Wednesday, April 6, 2011

Cowboys and Indians

One of my dear friends is expecting her first child this summer. We roomed together our freshman year of college in Texas. She hailed from the exotic foreign land of New Delhi, India and I came from the slightly less exotic, but no less foreign Floyd County, Virginia. We were both considered second-class citizens in Texas though because we weren’t born and bred there.

That’s okay, because second-class in Texas feels a lot like first-class everywhere else. Doors were still held open for us, there were gallons of pleases and thank-yous offered, and we had as much right to eat the superior Mexican food and drink the Dr. Pepper as anyone else. I almost got a Texas green card by marrying a native, but it didn’t work out. I couldn’t name all three of Sam Houston’s wives or recite the years that Roger Staubach was quarterback of the Dallas Cowboys, so I was extradited out of the state.

My Indian (not to be confused with Native American) friend and I both moved away after graduation. And, as fate would have it, we spent a few years in the neighboring states of Ohio and Virginia. (We pretended West Virginia wasn’t there and you can, too.) We visited each other a couple of times and set ourselves up for a lifelong friendship. But then I started having travel prohibitive babies and she and I both moved to other states. Me to North Carolina, and she illegally immigrated back into the Lonestar State. And even with email, Facebook, and that antiquated invention, the telephone, I still miss her.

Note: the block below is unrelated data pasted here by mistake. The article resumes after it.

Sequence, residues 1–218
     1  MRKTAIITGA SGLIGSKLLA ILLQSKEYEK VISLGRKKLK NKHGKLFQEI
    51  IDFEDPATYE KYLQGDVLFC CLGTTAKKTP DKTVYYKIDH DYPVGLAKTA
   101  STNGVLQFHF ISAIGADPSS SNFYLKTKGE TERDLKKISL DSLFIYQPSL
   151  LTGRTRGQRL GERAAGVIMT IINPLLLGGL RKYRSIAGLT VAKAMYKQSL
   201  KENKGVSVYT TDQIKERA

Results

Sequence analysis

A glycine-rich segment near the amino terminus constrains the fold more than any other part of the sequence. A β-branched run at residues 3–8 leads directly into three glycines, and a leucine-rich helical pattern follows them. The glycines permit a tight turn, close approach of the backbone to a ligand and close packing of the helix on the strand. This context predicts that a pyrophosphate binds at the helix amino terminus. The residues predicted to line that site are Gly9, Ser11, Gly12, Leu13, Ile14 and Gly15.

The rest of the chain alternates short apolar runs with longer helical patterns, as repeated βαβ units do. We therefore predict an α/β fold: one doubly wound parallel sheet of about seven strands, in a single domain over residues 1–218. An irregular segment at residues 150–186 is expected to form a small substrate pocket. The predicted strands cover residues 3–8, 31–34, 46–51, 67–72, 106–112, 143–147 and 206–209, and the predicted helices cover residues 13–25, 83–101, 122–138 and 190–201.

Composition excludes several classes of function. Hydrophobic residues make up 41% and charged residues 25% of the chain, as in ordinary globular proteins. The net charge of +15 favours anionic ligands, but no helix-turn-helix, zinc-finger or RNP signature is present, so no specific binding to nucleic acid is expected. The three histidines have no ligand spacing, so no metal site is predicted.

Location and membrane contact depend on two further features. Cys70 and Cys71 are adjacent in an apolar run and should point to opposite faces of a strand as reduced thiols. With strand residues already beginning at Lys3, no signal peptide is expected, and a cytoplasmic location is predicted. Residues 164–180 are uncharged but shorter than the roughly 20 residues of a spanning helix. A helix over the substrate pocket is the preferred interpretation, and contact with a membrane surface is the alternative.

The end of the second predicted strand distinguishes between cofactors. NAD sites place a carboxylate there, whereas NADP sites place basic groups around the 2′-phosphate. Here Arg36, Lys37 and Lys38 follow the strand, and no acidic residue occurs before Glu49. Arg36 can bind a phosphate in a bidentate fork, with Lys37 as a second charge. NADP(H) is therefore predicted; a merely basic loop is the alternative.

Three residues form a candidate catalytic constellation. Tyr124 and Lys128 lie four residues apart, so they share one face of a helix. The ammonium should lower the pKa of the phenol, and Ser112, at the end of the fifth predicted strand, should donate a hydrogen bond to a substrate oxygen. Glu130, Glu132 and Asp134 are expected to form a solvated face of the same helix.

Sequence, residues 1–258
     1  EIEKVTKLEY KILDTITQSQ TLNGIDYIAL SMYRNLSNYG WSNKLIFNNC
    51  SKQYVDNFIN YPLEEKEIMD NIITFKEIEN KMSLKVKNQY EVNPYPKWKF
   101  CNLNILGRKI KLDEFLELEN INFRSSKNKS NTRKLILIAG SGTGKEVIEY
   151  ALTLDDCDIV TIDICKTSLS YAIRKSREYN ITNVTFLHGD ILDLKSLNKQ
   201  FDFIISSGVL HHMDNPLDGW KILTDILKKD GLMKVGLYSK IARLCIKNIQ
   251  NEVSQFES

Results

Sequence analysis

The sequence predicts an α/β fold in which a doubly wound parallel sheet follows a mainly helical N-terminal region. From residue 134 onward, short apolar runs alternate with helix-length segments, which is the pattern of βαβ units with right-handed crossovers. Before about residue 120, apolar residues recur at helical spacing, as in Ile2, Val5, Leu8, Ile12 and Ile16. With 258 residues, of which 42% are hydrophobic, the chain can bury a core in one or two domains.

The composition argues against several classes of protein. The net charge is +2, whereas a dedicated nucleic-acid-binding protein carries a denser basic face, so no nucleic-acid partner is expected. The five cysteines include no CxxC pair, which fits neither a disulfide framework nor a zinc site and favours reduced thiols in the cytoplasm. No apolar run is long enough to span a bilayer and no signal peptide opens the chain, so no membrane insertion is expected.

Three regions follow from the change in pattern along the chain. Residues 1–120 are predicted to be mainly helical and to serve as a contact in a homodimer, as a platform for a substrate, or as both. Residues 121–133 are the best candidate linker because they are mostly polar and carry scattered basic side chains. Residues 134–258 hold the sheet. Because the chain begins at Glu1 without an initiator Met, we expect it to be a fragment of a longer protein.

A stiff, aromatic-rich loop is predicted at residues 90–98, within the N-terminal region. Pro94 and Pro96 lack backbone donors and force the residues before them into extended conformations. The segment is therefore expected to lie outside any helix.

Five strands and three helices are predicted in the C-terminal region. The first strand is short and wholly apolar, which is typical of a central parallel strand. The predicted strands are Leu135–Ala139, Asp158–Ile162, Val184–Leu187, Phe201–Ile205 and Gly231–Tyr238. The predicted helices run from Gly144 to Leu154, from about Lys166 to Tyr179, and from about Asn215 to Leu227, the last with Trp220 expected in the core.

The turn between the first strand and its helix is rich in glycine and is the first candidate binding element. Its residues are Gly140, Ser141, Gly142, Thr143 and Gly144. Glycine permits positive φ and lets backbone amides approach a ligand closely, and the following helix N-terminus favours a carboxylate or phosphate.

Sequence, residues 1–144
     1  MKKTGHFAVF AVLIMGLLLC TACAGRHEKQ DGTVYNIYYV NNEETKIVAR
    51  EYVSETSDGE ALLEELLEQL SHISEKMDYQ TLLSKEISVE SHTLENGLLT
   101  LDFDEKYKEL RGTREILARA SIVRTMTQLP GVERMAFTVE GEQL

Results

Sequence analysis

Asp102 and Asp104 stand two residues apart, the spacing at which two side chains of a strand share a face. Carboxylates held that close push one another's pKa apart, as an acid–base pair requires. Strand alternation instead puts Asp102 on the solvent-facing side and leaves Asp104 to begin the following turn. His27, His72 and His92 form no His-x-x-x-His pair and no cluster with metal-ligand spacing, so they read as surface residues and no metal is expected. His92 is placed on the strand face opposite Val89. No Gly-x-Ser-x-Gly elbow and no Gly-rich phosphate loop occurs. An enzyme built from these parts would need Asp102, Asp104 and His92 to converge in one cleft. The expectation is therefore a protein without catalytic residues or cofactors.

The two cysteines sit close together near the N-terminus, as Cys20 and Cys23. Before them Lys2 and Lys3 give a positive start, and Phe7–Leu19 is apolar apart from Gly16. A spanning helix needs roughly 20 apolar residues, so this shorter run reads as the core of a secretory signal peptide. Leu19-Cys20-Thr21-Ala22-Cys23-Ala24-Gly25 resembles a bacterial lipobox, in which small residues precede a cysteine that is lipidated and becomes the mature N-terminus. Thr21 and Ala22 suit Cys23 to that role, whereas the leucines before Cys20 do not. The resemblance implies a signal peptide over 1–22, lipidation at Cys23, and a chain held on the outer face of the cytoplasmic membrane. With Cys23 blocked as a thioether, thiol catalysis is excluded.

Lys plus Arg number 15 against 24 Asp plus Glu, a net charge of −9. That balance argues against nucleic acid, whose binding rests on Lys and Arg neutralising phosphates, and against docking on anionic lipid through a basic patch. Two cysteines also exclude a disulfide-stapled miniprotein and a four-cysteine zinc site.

I miss a lot of people. I think it’s the age I’m at (33.8) that makes me feel so much nostalgia for the good old days. I’d love to take a month and just travel around visiting all of my old friends, from high school and college, and even the friend I’ve had since I was in diapers (32 years ago for the record). That’s not very realistic with my busy life and tight budget, but at some point you have to see those things for what they are: excuses.

The years start piling up and people drift apart despite the best of intentions, and I don’t want that to happen. So, I just took a deep breath, closed my eyes, and bought an airline ticket to go to her baby shower. (It was a figurative eye closing, because I didn’t want to end up with an airline ticket to North Dakota, where I know absolutely no one. Not that I couldn’t make friends in North Dakota. I could. But then I’d have more people that I never get to see because they live far away!)

So, I’m leaving in one week and going to Houston, Texas, where I will see not one, but two college friends and a really good friend from high school. And possibly some people I don’t even know yet. The pregnant Indian texted me today and told me to save some calories and spare pounds for when I’m down there, because the Mexican food is better than ever and BBQ runs freely in the streets now. I may need to stop eating tomorrow so that I can break even at the end of my trip. Ironically, my trainer was congratulating me today on how well I’m doing; I’m leaner, stronger, and faster than ever. I couldn’t look him in the eyes because I knew. I knew that come April 14th, I’d be doing unspeakable things that he’d never approve of. However, I fully intend to pack my running shoes and find a way to make that happen. Even if it’s just running to the closest “to-die-for” ice cream shop.

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